Increasing complexity over primary textbook printing


Uncertainty looms over timely printing of primary school textbooks for the coming school year, as the World Bank had impose certain conditions to maintain the standard of the textbooks. The World Bank proposed a five per cent hike on the security deposit and also to hold up payment till quality is ensured. The printing press owners termed the condition ‘insulting’ and said they will resort to the law if necessary.
An alliance of local printing press owners was willing to charge 32 per cent less than the estimated rates, in order to block out foreign printing firms. Concerned quarters said it would be impossible to publish standard quality textbooks at such a low price. The World Bank also thinks that the primary level students will be deprived of quality textbooks if they are printed at such a low cost. The World Bank has now imposed a number of conditions to keep pressure on the printing press owners.

The concerned officials are worried that the printing will be delayed if the printing press owners rejected the conditiona imposed by the World Bank. The national curriculum and textbook board (NCTB) remains quiet, under pressure from both the sides.

Education minister Nurul Islam Nahid told Prothom Alo that they are discussing the matter with all sides. The issue will be sorted soon. The minister said, the government prints text books worth almost Taka 1000 crore every year, a boost to the printing presses of the country. Some benefit directly and some indirectly by being involved with this industry.

Most of the concerned people said it was impossible to print textbooks at such low prices. Meetings took place and letters were exchanged between the related ministries of the government, the World Bank, and the printing press owners after a report was published recently in Prothom Alo regarding the issue.

On 20 July last year, NCTB issued a ‘notification of award’ for the printing press owners informing them about the work. The letter has not yet been issued this time.  It takes 130 days to print textbook from the day of issuing the letter. But only 128 days are left if the government wants to hand over textbooks on the first of the year.  NCTB said it is still uncertain when and how the letter will be issued to the printing press owners.

Certain NCTB officials said the World Bank’s conditions make sense, but the printing press owners have a point too.

World Bank’s conditions:  The World Bank said the the bills of the printers and publishers will be paid after the quality of the books are verified by a separate company. Other than that, their performance guarantee (PG) has been raised to 15 per cent from 10 per cent.

NCTB sources said according to the government procurement rule, the security deposit can be increased up to 25 per cent if the quotation is unusually lower than the estimated rate. The World Banks has asked to make it 15 per cent. The tender seekers however said they submitted the tender seeing the conditions, there was no government procurement rule or the conditions of the World Bank.

The World Bank sent a letter to the NCTB chairman on 17 August adding the conditions. The World Bank Dhaka office task team leader Ayesha Vawda signed the letter. A quality assurance protocol (QAP) was also issued with the letter to the NCTB to assure quality standard of the textbook.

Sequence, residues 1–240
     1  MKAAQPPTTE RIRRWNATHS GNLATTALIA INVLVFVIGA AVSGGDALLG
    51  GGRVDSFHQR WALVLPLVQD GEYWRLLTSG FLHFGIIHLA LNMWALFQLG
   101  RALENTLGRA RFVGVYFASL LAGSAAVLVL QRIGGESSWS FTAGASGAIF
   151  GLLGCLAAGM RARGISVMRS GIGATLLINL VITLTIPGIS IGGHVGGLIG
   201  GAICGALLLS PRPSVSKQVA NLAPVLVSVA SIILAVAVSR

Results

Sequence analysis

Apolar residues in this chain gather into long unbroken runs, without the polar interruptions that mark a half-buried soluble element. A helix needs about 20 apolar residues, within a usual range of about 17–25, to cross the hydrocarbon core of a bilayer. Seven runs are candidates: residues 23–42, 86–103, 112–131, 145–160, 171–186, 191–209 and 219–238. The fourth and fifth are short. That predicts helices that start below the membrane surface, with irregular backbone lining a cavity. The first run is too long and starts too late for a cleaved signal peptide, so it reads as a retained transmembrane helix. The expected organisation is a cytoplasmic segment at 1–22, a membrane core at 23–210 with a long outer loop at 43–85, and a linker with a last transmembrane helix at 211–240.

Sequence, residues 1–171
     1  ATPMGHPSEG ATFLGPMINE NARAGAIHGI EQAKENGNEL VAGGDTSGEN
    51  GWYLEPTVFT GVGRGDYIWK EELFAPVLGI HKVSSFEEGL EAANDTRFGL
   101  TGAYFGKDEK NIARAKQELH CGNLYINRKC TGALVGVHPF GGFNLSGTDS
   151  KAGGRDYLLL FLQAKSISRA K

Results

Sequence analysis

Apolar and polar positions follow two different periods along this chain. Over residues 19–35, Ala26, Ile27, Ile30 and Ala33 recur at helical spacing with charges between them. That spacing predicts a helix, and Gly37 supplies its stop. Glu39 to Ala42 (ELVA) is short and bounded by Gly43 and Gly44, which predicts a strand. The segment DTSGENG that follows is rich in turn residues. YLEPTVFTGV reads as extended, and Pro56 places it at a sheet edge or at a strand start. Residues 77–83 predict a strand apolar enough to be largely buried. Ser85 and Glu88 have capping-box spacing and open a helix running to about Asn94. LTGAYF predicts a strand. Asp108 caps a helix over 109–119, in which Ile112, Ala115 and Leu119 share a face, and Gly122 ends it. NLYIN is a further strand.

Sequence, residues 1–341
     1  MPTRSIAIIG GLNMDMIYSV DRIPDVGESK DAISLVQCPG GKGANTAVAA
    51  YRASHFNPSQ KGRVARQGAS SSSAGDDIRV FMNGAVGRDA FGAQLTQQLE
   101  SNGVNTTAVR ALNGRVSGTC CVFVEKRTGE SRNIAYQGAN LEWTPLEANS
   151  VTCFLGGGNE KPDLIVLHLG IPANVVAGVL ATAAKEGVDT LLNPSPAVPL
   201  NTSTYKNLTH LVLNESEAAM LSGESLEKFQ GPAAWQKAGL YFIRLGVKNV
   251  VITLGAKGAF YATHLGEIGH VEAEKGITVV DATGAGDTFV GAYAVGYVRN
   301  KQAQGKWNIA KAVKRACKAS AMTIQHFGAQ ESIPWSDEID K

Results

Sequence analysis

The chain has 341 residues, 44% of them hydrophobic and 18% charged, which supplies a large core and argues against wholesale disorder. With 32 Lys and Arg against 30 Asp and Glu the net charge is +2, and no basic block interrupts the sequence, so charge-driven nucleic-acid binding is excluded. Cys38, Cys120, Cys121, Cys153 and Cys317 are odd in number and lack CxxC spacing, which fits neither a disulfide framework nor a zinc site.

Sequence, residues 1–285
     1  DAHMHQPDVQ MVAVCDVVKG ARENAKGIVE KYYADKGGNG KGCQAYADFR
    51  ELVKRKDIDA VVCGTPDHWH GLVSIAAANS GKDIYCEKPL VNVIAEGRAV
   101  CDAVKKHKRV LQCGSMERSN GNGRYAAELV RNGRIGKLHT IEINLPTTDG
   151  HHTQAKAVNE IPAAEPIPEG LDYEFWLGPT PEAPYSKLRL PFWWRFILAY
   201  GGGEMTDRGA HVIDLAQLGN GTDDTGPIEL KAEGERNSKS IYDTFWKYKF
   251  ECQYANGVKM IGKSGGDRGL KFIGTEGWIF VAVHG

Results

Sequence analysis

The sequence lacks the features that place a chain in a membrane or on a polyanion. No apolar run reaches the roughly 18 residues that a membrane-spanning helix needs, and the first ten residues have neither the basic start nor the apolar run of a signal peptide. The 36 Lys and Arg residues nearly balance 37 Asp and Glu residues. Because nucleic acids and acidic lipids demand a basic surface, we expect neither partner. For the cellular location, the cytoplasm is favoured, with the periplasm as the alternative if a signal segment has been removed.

NCTB chairman Narayan Chandra Pal told Prothom Alo that the situation is such that NCTB individually cannot do anything. They have informed the ministry.

The chairman also said, both the World Bank and the publishers have their logic. But a solution has to found so the textbooks reach the children in time.

Rejection by the publishers:  The publishers rejected the condition of the World Bank. They said no condition will be accepted other than the conditions of the tender. The printing press owners and leaders of their association expressed their protest upon meeting the NCTB chairman.

The Chairman of Bangladesh printing press association, Shahid Serniabat told Prothom Alo that the publishers were the lowest bidders by submitting tender according to the conditions. Now there will be no other option than going to the court and filing a case if the conditions of the World Bank are imposed on them.

Shaheed Serniabat said, they gave a lower price rate despite having the capability of printing 100 per cent of the books. If any owner of printing press fails to provide the books, the board will take action against them, he said.

The government plans to deliver around 35 crores of new text books free for primary and secondary students and it will cost around Tk 773.

The National Curriculum and Textbook Board (NCTB) has floated tenders for the printing of textbooks worth Tk 292 crores in primary level, Tk 38 crores in pre-primary level and Tk 443 crores in secondary level.

The bidders submitted less price rates in these three levels than the prices the NCTB floated.

The government wanted to cover the book printing job at Tk 330 crores but the publishers and press owners joined together to complete the work at Tk 221 crores.

Press owners are opposed to having the publishing orders to India, now that the country’s publishing houses are capable.

The NCTB floated an international tender on 29 April for publishing 11 crore textbooks of class I to V. Around 700 companies took part in the tender submission. The publishers formed a syndicate and quoted 31.94 percent less price than that was floated.

Several sources in the NCTB said, the quality of textbooks cannot be god at this price. The publishers, at such a cheap price, cannot publish books with 80 gram white paper, density, brightness and quality print.

The government in 2011 first took the decision of printing colourful textbooks from abroad. Since then, the local publishers have been protesting.

Source: prothom-alo


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